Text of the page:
Review: Federal Equal Employment Opportunity Commission answers questions on employee COVID-19-related reasonable accommodation requests

Home/Review: Federal Equal Employment Opportunity Commission answers questions on employee COVID-19-related reasonable accommodation requests

Review: Federal Equal Employment Opportunity Commission answers questions on employee COVID-19-related reasonable accommodation requests

Review: Federal Equal Employment Opportunity Commission answers questions on employee COVID-19-related reasonable accommodation requests

This guidance from the EEOC clarifies the steps an employee should take to request reasonable accommodation from an employer based upon having a medical condition CDC indicates may put her at increased risk of Covid-19-related severe illness.

The employee or someone like the employee’s doctor must let the employer know in conversation or in writing that, due to medical needs associated with their underlying medical condition, they need a change to their workplace.

The employer can ask questions and/or seek medical documentation to help decide whether the person has a disability and if there is a reasonable accommodation that can be provided without causing undue hardship.

In guidance FAQ number G.5., the EEOC offers several examples of the types of accommodation that may eliminate or reduce to an acceptable level a direct threat to an individual. As the EEOC states, “As with all discussions of reasonable accommodation during this pandemic, employers and employees are encouraged to be creative and flexible.”

The CDC’s list of medical conditions that place individuals at higher risk includes people with:

  • Chronic lung disease or moderate to severe asthma
  • Serious heart conditions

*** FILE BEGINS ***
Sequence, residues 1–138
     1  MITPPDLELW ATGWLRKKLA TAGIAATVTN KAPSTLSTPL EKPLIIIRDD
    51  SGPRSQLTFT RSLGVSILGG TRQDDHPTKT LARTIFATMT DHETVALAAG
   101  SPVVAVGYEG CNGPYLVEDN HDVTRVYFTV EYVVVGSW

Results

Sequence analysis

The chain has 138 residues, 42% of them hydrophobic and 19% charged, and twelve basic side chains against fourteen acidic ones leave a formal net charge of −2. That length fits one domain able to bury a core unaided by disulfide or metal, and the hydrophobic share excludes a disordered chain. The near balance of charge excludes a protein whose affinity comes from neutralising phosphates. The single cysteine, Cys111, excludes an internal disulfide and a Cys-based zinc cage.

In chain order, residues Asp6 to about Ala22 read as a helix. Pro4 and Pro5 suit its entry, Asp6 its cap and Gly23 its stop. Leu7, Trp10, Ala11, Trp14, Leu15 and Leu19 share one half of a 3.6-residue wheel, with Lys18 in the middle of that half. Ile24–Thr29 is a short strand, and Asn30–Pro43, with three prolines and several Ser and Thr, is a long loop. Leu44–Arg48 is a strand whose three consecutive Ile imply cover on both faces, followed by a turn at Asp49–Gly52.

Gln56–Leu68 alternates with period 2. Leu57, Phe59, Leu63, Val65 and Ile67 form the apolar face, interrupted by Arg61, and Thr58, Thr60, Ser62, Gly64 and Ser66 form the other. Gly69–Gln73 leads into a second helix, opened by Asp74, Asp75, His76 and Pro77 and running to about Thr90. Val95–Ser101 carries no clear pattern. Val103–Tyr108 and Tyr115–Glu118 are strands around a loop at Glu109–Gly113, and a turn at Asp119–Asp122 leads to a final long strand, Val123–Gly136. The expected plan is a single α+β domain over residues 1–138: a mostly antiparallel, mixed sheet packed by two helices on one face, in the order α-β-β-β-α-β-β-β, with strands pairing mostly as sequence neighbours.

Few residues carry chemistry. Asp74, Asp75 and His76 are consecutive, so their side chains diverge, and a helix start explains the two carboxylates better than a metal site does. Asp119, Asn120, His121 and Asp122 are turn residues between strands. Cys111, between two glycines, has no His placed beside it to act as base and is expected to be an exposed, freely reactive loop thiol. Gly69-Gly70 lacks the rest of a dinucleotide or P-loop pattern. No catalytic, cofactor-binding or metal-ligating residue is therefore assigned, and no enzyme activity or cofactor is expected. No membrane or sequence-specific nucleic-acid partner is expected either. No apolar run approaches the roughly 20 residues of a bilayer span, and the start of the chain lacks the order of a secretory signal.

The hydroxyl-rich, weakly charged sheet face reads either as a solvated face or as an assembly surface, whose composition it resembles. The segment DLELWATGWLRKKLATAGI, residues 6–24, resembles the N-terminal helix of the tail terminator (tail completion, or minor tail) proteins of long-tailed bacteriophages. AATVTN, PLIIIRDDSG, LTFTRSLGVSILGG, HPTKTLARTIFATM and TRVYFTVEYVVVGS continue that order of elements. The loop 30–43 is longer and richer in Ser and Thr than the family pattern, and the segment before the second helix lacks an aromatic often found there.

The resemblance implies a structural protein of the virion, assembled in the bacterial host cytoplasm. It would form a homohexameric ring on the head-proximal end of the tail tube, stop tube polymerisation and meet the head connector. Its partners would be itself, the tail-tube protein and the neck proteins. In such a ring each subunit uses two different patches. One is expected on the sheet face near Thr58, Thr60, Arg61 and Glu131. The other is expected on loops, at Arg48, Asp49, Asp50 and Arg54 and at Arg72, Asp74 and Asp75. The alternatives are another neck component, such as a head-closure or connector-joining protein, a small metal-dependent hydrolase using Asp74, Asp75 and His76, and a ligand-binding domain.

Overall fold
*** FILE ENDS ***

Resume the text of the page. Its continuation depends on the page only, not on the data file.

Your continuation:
• Compromised immune systems
    • Many conditions can cause a person to be immunocompromised, including cancer treatment, smoking, bone marrow or organ transplantation, immune deficiencies, poorly controlled HIV or AIDS, and prolonged use of corticosteroids and other immune weakening medications
  • Severe obesity (body mass index [BMI] of 40 or higher)
  • Diabetes
  • Chronic kidney disease undergoing dialysis
  • Liver disease

This is especially true if the underlying conditions are not well controlled.

|2020-05-06T11:44:33-04:00May 6th, 2020|COVID-19 Literature|0 Comments

About the Author: Ross Silverman

Ross Silverman
Ross D. Silverman, JD, MPH, is Professor of Health Policy and Management at Indiana University Fairbanks School of Public Health and Professor of Public Health and Law at Indiana University McKinney School of Law in Indianapolis. He is a member of the IU Centers on Health Policy and Bioethics. His research focuses on public health and medical law, policy, and ethics, and law's impact on health outcomes and vulnerable populations. He also serves as Associate Editor on Legal Epidemiology for Public Health Reports, the official journal of the Office of the U.S. Surgeon General and the U.S. Public Health Service. His most recent Covid-19 publications include: "Ensuring Uptake of Vaccines Against SARS-CoV-2" in the New England Journal of Medicine (with MM Mello & SB Omer), and "Covid-19: control measures must be equitable and inclusive" in BMJ (with ZD Berger, NG Evans & AL Phelan)

Get Involved with Indiana CTSI